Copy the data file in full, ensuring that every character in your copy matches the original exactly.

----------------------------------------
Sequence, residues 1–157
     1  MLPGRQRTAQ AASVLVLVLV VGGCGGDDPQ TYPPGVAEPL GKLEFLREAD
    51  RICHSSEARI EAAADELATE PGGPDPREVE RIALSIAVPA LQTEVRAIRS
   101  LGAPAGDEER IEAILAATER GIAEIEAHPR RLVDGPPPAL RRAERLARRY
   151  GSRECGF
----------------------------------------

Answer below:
Sequence, residues 1–157
     1  MLPGRQRTAQ AASVLVLVLV VGGCGGDDPQ TYPPGVAEPL GKLEFLREAD
    51  RICHSSEARI EAAADELATE PGGPDPREVE RIALSIAVPA LQTEVRAIRS
   101  LGAPAGDEER IEAILAATER GIAEIEAHPR RLVDGPPPAL RRAERLARRY
   151  GSRECGF